The Trump administration reportedly is in the throes of concocting a "new" strategy for Afghanistan.
No White House wants to lose a war, especially one that has its provenance in 1980 with the decision to arm the Afghan Mujahedeen against the invading Soviet army and in 2001 with the U.S. invasion into Afghanistan to punish al-Qaida for the attacks of Sept. 11. The war is now in its 16th year with no end in sight.
About this war, Secretary of Defense Jim Mattis bluntly observed: "We are not winning."
Nine years earlier, in January 2008, another Marine four-star general and former NATO military commander James Jones signed out a report for the Atlantic Council (in which I participated) that began, "Make no mistake: NATO is losing in Afghanistan." The reaction was so intense that the sentence was softened to read, "The West is not winning."
Why is the diagnosis today as stark as it was nearly a decade ago? The answer in part explains the tragedy engulfing Afghanistan. In simplest terms, no feasible solution to the conditions in Afghanistan ever existed beyond stationing several hundred thousand troops for an indefinite period to "pacify" the country. And history showed that this option never worked. Nor has persuading or coercing Pakistan to alter its policies toward Afghanistan and the Taliban succeeded.
Pashtunwala, that is the Pashtun creed that stresses honor, hospitality and revenge, and the diverse ethnic divisions along with the decentralization of power and authority away from Kabul were never conducive to any regime imposed by outside forces. With corruption a way of life and essential to basic societal functions, including the conduct of business, Western culture and politics were anathema to Afghans, regardless of ethnicity. But the British, Russians, Soviets and today America and NATO failed to understand or ignore how Afghanistan was a graveyard of empires.
The first of the current strategic blunders was George W. Bush's shift of aims from capturing or killing Osama bin Laden in 2001 to what was euphemistically called "nation building." The central idea was that by modernizing Afghanistan, Afghans would be better able to make the country safer, more secure and more stable. A constitution was written as the American Founding Fathers rather than Afghans would have preferred. The noble goal of educating women became vital to this mission.
Unfortunately, a very diverse Afghan society was not prepared to accept westernization. Selecting Hamid Karzai as the first president ensured a dysfunctional government would follow in which corruption flourished. And isolating Iran as part of any solution was foolhardy.
President Barack Obama's "surge" of military forces in 2009 yielded only a temporary respite. But a whole of government beyond over-reliance on military action was desperately needed if there were any chance of ending the conflict successfully. Ashraf Ghani, a Western-educated economist, ascended to a presidency crippled by a political negotiation that made his Tajik rival and adversary Dr. Abdullah Abdulla a co-CEO, a situation that was untenable.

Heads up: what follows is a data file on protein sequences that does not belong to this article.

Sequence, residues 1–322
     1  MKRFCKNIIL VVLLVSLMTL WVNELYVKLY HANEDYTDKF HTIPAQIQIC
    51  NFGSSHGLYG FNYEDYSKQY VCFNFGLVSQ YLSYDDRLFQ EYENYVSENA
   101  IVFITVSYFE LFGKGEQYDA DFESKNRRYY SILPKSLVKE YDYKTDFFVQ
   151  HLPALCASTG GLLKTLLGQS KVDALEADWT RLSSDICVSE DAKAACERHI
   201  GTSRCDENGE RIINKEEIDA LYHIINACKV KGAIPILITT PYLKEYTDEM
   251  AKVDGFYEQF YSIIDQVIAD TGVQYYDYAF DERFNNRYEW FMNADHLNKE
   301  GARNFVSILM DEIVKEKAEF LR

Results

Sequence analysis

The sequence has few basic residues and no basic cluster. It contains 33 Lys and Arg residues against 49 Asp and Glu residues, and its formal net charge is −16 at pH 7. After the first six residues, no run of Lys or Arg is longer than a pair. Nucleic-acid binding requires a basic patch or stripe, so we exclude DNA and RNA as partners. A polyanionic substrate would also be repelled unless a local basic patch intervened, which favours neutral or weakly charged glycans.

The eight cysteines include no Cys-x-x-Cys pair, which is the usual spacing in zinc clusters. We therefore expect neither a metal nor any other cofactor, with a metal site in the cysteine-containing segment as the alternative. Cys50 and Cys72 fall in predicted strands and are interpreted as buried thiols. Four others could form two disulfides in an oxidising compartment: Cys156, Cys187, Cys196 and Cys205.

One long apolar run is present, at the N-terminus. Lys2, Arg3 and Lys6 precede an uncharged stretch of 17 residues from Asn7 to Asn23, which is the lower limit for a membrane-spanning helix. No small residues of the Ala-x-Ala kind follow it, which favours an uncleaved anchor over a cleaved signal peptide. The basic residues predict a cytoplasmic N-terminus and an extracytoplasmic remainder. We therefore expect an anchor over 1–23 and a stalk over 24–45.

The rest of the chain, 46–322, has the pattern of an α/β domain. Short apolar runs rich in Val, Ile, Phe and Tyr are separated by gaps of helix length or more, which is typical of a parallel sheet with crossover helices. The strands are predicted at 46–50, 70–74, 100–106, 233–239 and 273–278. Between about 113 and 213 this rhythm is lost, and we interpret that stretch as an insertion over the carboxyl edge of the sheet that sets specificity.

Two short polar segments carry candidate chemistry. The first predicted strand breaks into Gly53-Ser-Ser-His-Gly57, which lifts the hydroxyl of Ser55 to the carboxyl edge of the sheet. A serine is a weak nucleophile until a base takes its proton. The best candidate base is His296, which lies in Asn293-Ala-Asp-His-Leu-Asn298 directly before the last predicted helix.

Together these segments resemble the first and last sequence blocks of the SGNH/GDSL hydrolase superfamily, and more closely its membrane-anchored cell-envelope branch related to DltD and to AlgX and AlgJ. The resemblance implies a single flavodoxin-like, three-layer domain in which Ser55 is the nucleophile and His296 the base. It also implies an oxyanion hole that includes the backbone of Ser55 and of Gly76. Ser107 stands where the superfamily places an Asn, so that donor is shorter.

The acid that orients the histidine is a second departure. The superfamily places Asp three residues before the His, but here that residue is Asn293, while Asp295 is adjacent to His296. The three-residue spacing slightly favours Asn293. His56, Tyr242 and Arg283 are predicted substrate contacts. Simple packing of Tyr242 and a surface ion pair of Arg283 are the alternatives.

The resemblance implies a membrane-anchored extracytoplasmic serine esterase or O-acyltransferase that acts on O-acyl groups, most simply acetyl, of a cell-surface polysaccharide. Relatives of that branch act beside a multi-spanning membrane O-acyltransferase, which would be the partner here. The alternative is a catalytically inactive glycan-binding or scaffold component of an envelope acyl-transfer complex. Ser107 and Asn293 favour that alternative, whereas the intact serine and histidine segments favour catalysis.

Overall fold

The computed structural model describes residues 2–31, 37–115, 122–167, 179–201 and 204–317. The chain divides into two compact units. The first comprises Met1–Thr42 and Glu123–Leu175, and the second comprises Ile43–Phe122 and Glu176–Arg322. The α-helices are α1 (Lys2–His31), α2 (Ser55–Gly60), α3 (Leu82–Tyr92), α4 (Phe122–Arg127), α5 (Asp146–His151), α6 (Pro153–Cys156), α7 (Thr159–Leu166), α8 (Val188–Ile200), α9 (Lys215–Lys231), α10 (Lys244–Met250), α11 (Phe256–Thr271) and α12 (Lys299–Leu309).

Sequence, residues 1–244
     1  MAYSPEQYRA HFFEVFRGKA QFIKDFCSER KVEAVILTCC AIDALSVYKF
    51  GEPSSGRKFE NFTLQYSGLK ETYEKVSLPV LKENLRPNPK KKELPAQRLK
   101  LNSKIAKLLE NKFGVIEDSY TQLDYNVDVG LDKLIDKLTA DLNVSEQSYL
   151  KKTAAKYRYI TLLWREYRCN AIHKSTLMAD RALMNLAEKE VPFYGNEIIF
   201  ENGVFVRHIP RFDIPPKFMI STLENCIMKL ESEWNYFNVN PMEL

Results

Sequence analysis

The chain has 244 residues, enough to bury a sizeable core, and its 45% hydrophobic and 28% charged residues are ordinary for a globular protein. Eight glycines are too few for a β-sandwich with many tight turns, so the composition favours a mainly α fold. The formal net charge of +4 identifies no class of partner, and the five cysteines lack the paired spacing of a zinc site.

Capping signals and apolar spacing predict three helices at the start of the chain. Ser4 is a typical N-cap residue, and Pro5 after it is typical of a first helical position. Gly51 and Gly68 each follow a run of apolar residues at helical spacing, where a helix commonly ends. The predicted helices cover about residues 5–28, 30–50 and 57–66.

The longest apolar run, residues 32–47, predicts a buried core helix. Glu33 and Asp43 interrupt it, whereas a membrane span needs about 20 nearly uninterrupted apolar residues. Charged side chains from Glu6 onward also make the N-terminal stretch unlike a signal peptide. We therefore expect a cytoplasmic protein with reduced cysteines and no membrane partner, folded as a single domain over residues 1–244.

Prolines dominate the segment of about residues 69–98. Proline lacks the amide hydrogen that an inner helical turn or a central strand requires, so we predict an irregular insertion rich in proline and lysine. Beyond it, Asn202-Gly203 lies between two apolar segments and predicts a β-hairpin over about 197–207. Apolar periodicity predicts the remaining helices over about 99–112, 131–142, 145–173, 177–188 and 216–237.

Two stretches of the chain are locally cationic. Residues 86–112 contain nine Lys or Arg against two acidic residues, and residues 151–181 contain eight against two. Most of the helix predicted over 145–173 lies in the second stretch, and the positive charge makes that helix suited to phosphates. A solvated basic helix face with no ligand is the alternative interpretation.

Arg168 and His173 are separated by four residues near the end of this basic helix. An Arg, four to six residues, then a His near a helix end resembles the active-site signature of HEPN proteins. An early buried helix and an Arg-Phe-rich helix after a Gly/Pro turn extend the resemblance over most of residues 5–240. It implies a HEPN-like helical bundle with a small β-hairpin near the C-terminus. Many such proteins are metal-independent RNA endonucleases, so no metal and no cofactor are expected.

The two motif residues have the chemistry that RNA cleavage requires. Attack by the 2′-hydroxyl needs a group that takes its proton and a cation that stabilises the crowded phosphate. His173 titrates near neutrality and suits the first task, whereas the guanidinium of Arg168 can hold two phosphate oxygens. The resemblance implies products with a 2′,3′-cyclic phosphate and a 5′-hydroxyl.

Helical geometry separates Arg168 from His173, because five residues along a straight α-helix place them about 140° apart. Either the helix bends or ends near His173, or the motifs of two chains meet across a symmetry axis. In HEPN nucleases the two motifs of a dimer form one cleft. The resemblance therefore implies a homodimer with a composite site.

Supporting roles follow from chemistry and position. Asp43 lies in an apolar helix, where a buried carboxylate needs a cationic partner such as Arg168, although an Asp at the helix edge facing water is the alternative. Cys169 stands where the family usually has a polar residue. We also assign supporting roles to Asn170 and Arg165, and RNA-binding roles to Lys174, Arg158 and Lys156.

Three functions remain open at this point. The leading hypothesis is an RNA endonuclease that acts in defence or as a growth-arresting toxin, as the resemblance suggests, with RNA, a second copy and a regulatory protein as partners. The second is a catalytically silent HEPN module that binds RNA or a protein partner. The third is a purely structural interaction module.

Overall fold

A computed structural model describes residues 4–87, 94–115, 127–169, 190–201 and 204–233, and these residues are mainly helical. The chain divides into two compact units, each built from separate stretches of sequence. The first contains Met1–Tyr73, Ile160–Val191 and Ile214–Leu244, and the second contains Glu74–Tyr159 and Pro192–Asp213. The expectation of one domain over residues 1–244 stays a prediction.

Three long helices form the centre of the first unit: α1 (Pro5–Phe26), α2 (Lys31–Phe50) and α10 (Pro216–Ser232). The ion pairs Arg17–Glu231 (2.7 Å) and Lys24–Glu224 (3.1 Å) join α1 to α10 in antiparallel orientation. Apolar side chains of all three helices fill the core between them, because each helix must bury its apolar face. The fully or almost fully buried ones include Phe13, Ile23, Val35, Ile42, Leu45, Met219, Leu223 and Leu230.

Former Vice President Joe Biden's much earlier recommendation of shifting to a counter-terrorist strategy and reducing the size of the Western commitment might have worked. But Obama made Afghanistan "the good war" and instead reinforced the Bush strategy with the surge of 30,000 forces. Today only two choices exist. And both are not good.
Cutting and running, which is how the United States vacated Vietnam in 1975, is politically unacceptable. Hence, the United States can persist with the current commitment perhaps augmented with a few thousand more troops for, possibly, many more decades. There is precedence: American forces are still deployed in Germany and Japan seven decades after World War II with a profound exception. Both states are at peace.
Second, the United States and its allies can adopt a variant of the Biden strategy, namely a small presence designed to contain the terrorist threat and resurgence of al-Qaida or the growth of the Islamic State. This is not a short-term either. But it would be conducted with far fewer forces and with minimum emphasis on nation building. Training of Afghan security and police forces would continue possibly conducted by civilian contractors to lessen the military profile.
Neither of these choices is appealing and both have enormous flaws and risks. Tragically, after 16 years of committing substantial treasure in blood and money -- possibly in excess of a trillion dollars -- with no end in sight to make Afghanistan safer and more secure, the alternative ranges from bad to worse.
Harlan Ullman has served on the Senior Advisory Group for Supreme Allied Commander Europe (2004-16) and is a senior adviser at Washington D.C.'s Atlantic Council, chairman of two private companies and principal author of the doctrine of shock and awe. A former naval person, he commanded a destroyer in the Persian Gulf and led over 150 missions and operations in Vietnam as a swift boat skipper. His next book, "Anatomy of Failure: Why America Loses Every War It Starts," will be published in the fall. Follow him on Twitter @harlankullman.